The last 24 hours were relatively slow for new statewide polls, mostly because I included the crack-of-dawn releases by Quinnipiac University in yesterday morning's update. These new polls make no change in our map classifications or even in the rank of states based on the Obama-McCain margin on our trend estimates.
The two new polls from Democratic pollsters PPP happen to be from the two states currently showing the closest margins on our trend marginals, North Carolina and (believe it or not) Missouri. Both help move increase Obama's margins slightly on our trend estimates.
The latest SurveyUSA poll in Ohio shows Obama leading by five points (50% to 45%), providing further confirmation of Obama's gains there. It nudges Obama's advantage on our trend estimate there up to 4.3% (49.6% to 45.3%).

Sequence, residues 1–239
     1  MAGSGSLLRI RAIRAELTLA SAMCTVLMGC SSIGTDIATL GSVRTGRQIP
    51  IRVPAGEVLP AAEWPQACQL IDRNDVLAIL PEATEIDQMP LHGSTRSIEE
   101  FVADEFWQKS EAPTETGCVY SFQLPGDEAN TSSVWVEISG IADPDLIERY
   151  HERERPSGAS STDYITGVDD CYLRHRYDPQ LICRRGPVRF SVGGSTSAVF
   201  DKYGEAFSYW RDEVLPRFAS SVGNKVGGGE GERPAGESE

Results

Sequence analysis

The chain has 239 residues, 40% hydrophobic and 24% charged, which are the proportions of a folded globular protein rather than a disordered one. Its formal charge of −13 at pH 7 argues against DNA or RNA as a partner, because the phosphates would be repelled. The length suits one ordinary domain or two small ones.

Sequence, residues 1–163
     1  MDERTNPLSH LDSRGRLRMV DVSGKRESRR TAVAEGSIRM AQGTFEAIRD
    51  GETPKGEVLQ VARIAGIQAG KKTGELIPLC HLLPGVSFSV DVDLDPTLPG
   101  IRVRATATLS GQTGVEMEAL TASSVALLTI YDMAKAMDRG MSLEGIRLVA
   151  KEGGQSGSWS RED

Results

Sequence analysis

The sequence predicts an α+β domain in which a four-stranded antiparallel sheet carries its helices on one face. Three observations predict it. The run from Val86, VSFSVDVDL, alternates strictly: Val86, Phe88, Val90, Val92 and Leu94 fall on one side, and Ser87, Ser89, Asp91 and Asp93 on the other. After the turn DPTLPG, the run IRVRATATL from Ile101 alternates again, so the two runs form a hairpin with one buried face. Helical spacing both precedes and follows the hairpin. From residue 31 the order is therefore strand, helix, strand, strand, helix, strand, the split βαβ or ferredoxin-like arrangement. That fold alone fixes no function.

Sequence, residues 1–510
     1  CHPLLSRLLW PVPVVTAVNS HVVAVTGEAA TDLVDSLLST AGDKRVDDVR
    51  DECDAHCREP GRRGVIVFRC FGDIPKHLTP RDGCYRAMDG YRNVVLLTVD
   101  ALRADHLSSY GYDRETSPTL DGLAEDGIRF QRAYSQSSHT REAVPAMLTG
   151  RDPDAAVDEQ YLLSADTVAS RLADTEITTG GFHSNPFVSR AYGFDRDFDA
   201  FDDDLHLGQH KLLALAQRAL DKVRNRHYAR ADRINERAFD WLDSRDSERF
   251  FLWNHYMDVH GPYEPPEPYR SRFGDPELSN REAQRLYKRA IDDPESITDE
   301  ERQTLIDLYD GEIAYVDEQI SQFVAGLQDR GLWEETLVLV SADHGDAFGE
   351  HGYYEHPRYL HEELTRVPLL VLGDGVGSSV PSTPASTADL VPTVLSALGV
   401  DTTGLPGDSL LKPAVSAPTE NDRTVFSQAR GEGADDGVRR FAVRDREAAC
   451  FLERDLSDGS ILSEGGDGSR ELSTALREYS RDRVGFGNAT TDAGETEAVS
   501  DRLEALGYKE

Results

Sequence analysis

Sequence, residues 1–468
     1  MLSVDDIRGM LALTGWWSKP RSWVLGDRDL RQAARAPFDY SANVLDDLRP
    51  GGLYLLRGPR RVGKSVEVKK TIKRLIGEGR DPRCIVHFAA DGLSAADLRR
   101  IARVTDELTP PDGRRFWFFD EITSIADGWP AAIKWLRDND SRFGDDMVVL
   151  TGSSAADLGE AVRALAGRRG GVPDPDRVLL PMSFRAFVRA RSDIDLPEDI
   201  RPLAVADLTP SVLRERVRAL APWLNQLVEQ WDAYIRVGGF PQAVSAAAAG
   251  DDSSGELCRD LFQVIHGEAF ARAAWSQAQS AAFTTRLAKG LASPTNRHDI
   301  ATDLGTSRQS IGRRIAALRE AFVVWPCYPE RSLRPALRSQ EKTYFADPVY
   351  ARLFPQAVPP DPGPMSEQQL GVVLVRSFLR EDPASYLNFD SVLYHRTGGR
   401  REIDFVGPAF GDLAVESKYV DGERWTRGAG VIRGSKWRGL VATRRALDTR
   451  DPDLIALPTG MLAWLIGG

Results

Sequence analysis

My morning snapshot of the national trend estimate catches what will likely be a momentary high point for the Democrats, largely as the result of the new CBS/New York Times poll showing Obama with 14 point advantage. While the other daily tracking results will probably lower the 9.1 percent margin on the national trend by the time I get this entry posted, the national tracking surveys have been essentially flat this week. Some move up, some move down, suggesting that most of the variation is statistical noise. Still, as should be obvious from the electoral vote count, a 6 to 8 point lead in the national polls translates to crushing margin in the electoral college.